TCP Sequence Prediction Attack

In TCP sequence prediction attack, the attacker monitors traffic between two hosts to predict the sequence number of packets going back and forth.  Once the monitoring part is done, the attacker will lunch denial of service attack (DOS) to stop one of the hosts from communicating with the other host. Since one of the hosts is non-responsive, the attacker will use the sequence number to forge a packet. The forged packet will be sent to the other host as a legitimate packet. The forged packet could include payload or malicious commands. (Arora, 2012) Nmap is a very powerful tool for TCP sequence prediction. Hackers take advantage of poor initial sequence number generation to lunch blind TCP spoofing attacks. (Nmap, n.d.) In the past, TCP sequence number prediction attack was not feasible, there are 4,294,967,296 possibilities to predict the entire ISN. Today, with more bandwidth and processing speed this attack becomes very feasible. Applying anti-spoofing filters, is a good countermeasure to detect forged packets. Firewalls should be configured to not allow internal IP addresses to be originated from an external interface.(Kohli, 2007)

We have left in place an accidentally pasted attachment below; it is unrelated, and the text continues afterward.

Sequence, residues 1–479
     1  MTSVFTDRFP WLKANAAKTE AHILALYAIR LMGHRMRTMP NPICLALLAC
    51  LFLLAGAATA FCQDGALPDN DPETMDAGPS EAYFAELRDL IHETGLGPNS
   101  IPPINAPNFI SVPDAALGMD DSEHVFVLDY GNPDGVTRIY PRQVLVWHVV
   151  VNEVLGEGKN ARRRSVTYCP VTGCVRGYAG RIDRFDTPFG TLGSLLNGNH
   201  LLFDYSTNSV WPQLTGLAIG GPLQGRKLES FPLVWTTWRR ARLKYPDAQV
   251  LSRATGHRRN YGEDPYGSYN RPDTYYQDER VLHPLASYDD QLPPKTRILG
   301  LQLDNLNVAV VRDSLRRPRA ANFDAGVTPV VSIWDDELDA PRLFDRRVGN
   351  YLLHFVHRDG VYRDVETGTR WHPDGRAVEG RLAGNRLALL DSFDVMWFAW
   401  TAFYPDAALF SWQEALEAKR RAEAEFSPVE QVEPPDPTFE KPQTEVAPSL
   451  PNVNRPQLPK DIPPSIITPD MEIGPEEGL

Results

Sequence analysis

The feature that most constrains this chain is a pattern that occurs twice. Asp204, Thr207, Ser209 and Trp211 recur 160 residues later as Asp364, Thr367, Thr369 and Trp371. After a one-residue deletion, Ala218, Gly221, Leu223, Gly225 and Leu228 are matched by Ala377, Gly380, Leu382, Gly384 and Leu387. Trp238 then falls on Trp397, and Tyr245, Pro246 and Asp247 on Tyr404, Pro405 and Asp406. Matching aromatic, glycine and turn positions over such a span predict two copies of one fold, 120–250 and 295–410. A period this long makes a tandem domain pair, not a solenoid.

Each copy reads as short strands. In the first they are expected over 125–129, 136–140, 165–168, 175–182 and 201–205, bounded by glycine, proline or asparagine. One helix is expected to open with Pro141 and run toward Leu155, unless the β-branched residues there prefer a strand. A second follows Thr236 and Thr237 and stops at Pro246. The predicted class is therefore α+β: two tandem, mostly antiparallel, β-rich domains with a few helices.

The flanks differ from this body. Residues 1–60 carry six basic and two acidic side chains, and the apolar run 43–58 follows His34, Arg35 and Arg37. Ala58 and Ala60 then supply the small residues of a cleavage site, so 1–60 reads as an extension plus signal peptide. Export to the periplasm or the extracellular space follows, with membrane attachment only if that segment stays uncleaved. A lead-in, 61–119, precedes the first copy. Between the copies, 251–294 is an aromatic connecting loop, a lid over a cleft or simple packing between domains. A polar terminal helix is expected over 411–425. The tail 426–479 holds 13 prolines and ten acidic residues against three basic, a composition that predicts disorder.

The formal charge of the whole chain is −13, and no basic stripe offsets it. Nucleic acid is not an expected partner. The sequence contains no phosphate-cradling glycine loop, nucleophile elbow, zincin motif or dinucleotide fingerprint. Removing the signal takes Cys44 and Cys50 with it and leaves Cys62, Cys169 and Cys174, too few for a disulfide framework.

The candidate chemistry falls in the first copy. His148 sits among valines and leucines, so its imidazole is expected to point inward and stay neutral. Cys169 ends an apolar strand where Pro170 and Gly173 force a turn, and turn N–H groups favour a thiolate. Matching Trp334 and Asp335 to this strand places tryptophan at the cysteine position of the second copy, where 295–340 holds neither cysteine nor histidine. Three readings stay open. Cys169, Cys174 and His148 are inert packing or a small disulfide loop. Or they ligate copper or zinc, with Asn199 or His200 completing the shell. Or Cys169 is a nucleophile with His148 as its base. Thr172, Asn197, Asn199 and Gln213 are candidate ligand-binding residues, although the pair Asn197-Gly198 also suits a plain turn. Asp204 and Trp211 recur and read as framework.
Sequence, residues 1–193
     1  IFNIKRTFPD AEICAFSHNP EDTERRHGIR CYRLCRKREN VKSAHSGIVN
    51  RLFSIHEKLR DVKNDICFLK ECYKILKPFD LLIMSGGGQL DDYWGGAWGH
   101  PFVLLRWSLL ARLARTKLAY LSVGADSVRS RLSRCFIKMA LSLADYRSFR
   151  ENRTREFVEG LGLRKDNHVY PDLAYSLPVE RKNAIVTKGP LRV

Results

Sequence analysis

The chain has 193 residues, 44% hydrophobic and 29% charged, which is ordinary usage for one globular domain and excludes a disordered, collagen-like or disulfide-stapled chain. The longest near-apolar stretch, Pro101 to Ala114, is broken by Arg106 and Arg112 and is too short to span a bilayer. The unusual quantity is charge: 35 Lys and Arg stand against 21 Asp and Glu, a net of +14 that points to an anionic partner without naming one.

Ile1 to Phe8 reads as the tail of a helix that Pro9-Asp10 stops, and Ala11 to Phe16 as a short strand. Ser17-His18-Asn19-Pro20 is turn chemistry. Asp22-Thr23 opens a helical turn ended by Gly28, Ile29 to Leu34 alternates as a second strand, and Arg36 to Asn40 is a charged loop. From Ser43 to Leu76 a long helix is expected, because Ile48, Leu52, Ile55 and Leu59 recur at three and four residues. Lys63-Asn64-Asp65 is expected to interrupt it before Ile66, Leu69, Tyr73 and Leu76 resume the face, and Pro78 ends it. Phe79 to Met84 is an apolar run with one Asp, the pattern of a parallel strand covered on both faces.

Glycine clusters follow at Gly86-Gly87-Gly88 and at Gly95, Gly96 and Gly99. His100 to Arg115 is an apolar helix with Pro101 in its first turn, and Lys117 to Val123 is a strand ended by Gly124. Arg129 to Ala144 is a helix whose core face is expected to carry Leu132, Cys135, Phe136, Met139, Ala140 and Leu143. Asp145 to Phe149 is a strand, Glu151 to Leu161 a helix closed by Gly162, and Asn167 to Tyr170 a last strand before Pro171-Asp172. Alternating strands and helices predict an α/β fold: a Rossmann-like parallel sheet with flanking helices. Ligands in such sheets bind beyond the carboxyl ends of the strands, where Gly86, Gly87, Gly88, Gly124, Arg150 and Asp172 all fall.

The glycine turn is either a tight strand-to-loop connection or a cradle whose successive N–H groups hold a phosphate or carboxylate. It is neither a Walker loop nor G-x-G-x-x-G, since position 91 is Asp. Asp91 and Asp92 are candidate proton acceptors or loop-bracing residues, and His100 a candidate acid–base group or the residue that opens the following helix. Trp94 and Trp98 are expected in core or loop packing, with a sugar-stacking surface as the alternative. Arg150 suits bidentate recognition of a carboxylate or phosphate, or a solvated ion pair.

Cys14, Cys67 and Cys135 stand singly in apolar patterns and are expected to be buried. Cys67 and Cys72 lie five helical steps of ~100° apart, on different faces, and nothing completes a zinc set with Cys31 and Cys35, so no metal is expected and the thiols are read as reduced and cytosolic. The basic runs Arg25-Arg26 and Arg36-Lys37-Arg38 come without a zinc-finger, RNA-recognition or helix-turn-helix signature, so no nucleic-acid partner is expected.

References:

Arora, H. (2012, January 20). TCP attacks: TCP Sequence Number Prediction and TCP Reset Attacks. Retrieved from: http://www.thegeekstuff.com/2012/01/tcp-sequence-number-attacks/.

Nmap. (n.d.). Chapter 8. Remote OS Detection. Retrieved from: https://nmap.org/book/osdetect-usage.html.

Kohli, M. (2007, June 11). TCP/IP Vulnerabilities. Retrieved from: https://www.scribd.com/doc/19536994/Presentation-on-TCP-IP-Vulnerabilities.

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